Among the many important predator groups found in agricultural ecosystems, spiders are the most ubiquitous generalist predators, playing an important role in regulating insect pest populations [8]. Spiders can be exposed to Bt toxin through various ecological routes. For example, they ingest pollen trapped in web silk [9] or else feed on pollen-dusted prey [10] or herbivores that have consumed Bt crops [1114]. Several studies have assessed the effects of those crops on the abundance of spiders in fields [15]. However, well-controlled tritrophic bioassays under laboratory conditions are also necessary [16,17]. Reports have been mixed about the possible interactions between engineered crops and spider health. For example, transgenic rice that expresses Cry1Ab protein has been examined with such bioassays to determine whether those plants influence species within Lycosidae (Pardosa pseudoannulata) and Linyphiidae (Ummeliata insecticeps) that prey upon planthoppers (Nilaparvata lugens; Homoptera: Delphacidae) and rice leafrollers (Cnaphalocrocis medinalis; Lepidoptera: Pyralidae) [1214]. Those examinations have revealed that the Cry1Ab and Cry3Bb1 proteins produced in Bt crops do not have a direct impact on the survival, development, growth, or fecundity of P. pseudoannulata and Pirata subpiraticus (also in the Lycosidae) [12,13] or U. insecticeps [14]. However, Zhou et al. [18] have found that enzyme activities in Pardosa pseudoannulata and U. insecticeps are significantly affected when they preyed upon fruit flies fed with Cry1Ab protein. Studies on Bt maize have focused on how Cry3Bb1 might affect the non-target web-building spider Theridion impressum but have found no negative influence when those spiders either prey upon arthropod species (mixed prey, lacewing, or corn rootworm) or are exposed to transgenic maize pollen via web re-ingestion [11]. Research by Ludy and Lang [9] has shown that the web-building Araneus diadematus (Araneae: Araneidae) is affected, but not detrimentally, when it ingests web-trapped pollen from Cry1Ab-expressing maize.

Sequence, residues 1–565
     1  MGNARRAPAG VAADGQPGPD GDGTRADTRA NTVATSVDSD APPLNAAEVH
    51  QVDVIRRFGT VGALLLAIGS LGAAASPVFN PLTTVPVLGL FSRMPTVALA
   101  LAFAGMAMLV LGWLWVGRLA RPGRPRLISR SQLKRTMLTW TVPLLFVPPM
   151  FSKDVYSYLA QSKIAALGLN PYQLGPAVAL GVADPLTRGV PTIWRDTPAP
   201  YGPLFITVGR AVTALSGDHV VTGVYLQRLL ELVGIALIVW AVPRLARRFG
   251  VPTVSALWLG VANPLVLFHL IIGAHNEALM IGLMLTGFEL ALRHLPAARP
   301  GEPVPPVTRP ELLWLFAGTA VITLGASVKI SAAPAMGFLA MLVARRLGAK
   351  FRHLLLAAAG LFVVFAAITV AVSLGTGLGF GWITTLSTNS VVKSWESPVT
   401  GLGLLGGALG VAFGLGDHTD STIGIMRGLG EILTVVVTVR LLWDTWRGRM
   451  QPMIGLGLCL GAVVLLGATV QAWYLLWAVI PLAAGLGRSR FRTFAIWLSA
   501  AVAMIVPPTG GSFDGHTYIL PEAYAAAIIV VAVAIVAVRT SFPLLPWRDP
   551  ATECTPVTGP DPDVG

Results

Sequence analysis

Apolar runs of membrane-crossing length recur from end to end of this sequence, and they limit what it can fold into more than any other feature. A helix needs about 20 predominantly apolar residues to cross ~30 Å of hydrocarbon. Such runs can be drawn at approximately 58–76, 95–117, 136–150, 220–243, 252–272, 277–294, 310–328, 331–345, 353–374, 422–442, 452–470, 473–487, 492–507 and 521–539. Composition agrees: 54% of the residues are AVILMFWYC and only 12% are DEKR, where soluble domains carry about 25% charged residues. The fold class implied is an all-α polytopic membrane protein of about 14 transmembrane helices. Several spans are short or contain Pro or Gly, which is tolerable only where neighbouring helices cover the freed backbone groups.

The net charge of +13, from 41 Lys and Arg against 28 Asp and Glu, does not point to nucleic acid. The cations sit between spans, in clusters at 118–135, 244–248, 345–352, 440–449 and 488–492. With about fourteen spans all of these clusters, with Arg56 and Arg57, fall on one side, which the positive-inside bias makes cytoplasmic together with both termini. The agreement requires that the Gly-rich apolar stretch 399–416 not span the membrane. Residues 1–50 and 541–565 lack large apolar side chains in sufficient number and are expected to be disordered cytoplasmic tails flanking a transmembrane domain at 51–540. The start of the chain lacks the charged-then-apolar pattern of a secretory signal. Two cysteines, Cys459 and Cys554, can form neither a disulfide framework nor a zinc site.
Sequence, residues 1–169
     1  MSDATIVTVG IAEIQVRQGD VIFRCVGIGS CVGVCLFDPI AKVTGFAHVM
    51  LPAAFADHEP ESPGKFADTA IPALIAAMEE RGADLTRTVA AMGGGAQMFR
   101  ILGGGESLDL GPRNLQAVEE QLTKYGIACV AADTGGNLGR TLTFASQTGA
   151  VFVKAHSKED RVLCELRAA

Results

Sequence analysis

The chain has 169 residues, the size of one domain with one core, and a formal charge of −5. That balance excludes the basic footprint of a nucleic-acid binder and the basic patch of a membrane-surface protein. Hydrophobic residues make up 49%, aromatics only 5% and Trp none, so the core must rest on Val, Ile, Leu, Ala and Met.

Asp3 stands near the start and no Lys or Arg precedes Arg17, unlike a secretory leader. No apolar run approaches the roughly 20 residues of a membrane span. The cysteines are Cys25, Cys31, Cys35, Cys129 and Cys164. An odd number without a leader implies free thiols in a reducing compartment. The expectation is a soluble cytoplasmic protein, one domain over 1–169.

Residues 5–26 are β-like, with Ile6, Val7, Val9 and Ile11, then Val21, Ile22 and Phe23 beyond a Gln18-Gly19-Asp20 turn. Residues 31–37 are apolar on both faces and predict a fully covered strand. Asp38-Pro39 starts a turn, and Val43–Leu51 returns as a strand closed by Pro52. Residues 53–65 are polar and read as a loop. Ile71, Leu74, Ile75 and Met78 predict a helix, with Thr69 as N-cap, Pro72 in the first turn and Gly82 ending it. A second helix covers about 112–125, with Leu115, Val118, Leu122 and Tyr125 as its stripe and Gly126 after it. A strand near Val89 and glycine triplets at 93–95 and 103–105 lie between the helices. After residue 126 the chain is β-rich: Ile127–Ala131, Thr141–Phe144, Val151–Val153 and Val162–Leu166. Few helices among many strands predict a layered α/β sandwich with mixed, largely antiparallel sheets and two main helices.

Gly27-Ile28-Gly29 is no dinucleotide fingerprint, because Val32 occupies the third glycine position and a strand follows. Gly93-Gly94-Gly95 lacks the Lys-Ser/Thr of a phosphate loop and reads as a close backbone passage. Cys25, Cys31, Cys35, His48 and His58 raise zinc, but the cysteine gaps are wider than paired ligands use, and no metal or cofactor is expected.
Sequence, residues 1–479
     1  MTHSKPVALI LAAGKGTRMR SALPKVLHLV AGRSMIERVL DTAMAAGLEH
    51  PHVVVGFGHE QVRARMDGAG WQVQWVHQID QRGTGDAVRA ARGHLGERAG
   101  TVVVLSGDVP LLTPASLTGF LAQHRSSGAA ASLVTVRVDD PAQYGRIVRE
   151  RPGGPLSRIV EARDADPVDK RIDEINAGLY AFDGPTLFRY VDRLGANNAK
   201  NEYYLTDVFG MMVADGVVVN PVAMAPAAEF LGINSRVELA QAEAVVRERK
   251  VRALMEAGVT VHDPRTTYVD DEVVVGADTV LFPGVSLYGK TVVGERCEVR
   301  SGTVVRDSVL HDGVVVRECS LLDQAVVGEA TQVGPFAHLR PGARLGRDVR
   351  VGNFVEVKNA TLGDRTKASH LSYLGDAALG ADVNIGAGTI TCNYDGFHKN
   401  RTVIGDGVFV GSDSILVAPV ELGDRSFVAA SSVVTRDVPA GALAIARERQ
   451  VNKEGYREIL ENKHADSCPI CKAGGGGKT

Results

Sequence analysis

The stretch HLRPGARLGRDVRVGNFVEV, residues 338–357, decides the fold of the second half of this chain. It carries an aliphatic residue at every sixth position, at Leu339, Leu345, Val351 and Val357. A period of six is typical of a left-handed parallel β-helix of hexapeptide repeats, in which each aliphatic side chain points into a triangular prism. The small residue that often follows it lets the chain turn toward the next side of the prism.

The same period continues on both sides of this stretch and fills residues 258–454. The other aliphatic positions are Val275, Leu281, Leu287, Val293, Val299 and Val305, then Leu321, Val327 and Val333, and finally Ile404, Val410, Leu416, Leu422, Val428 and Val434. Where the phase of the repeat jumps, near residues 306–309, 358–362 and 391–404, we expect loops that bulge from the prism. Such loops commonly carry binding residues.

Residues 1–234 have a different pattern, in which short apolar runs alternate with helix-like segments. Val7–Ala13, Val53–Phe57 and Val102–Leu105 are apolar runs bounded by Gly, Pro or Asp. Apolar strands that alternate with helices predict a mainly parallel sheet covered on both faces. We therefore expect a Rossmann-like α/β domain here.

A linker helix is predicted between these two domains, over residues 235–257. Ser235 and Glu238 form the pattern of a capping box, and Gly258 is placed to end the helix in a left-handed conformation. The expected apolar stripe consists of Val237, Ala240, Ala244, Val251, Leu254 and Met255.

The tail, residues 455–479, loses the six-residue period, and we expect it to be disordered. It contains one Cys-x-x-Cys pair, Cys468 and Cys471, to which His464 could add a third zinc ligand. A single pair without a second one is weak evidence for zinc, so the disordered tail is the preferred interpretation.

Although several Bt plant–herbivore–spider tritrophic bioassays have been performed, the way in which those crops that produce Cry1Ac proteins interact trophically with pests and spiders has not previously been studied in the laboratory. Here, we conducted a tritrophic bioassay of Bt cabbage (Brassica oleraceae var. capitata) that expresses this protein. This cabbage was developed to be resistant to the diamondback moth Plutella xylostella (Lepidoptera: Plutellidae), and the cabbage worm Pieris rapae (Lepidoptera: Pieridae) [19]. Both pests severely damage cabbage productivity and quality [2021]. Our investigation focused on the wolf spider (Pardosa astrigera L. Koch). We considered this an appropriate test species because it is the dominant ground-dwelling spider in Korea. Moreover, it is an important natural enemy of P. xylostella on both cabbage and oilseed rape (Brassica napus) [22]. As a generalist predator, this spider is widely distributed throughout terrestrial environments, including agricultural lands in Korea, Japan, China, Taiwan, and Russia [23]. For our bioassays, we chose one fruit fly species, Drosophila melanogaster, because it is a primary consumer of cabbage and also a prey item for the wolf spider. As saprophytic insects, fruit flies are attracted to any crops, including cabbage, that provide fermenting tissue for their ovipositioning [24]. They utilize the fruits, flowers, and decaying materials of other plant parts [25], and have been observed for several years during our field experiments with cabbage [26]. We have previously confirmed that they are attracted to 7- to 14-day-old decaying cabbage tissues and can successfully reproduce on those tissues under laboratory conditions (26±1°C). They are relatively popular prey for Lycosid spiders in terrestrial environments, e.g., crop fields [27,28] and can be easily reared in a laboratory [29].